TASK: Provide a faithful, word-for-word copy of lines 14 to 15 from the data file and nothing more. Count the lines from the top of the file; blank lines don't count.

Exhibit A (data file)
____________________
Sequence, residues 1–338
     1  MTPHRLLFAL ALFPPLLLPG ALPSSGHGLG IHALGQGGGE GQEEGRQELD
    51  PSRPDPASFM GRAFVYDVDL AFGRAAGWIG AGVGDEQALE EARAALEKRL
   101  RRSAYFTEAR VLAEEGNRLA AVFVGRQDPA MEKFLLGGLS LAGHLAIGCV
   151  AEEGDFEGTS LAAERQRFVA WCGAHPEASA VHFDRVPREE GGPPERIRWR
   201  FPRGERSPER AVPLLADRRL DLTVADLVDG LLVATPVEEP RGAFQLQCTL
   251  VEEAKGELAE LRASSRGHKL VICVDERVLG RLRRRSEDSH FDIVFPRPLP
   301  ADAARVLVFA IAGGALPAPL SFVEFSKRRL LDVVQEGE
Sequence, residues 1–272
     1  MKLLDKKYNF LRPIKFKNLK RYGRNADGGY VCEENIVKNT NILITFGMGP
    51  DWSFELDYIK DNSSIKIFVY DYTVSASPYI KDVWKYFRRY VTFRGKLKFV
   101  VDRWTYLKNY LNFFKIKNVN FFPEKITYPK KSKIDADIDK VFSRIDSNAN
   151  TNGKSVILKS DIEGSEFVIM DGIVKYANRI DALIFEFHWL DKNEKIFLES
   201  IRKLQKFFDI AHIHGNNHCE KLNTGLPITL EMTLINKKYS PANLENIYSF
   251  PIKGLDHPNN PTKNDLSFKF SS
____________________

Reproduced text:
   201  IRKLQKFFDI AHIHGNNHCE KLNTGLPITL EMTLINKKYS PANLENIYSF
   251  PIKGLDHPNN PTKNDLSFKF SS